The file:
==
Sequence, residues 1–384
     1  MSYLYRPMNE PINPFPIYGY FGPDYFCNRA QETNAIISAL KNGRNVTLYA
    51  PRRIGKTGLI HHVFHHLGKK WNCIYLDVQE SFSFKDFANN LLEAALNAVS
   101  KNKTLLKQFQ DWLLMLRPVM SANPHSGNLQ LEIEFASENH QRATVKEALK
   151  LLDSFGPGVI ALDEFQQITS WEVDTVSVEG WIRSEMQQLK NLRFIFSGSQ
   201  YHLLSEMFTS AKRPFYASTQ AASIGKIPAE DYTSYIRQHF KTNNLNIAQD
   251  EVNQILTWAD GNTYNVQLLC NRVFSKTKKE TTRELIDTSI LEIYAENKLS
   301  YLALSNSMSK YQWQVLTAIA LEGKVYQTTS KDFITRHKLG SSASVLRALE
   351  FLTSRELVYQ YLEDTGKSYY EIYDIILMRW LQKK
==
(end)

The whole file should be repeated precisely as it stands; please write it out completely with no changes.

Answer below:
Sequence, residues 1–384
     1  MSYLYRPMNE PINPFPIYGY FGPDYFCNRA QETNAIISAL KNGRNVTLYA
    51  PRRIGKTGLI HHVFHHLGKK WNCIYLDVQE SFSFKDFANN LLEAALNAVS
   101  KNKTLLKQFQ DWLLMLRPVM SANPHSGNLQ LEIEFASENH QRATVKEALK
   151  LLDSFGPGVI ALDEFQQITS WEVDTVSVEG WIRSEMQQLK NLRFIFSGSQ
   201  YHLLSEMFTS AKRPFYASTQ AASIGKIPAE DYTSYIRQHF KTNNLNIAQD
   251  EVNQILTWAD GNTYNVQLLC NRVFSKTKKE TTRELIDTSI LEIYAENKLS
   301  YLALSNSMSK YQWQVLTAIA LEGKVYQTTS KDFITRHKLG SSASVLRALE
   351  FLTSRELVYQ YLEDTGKSYY EIYDIILMRW LQKK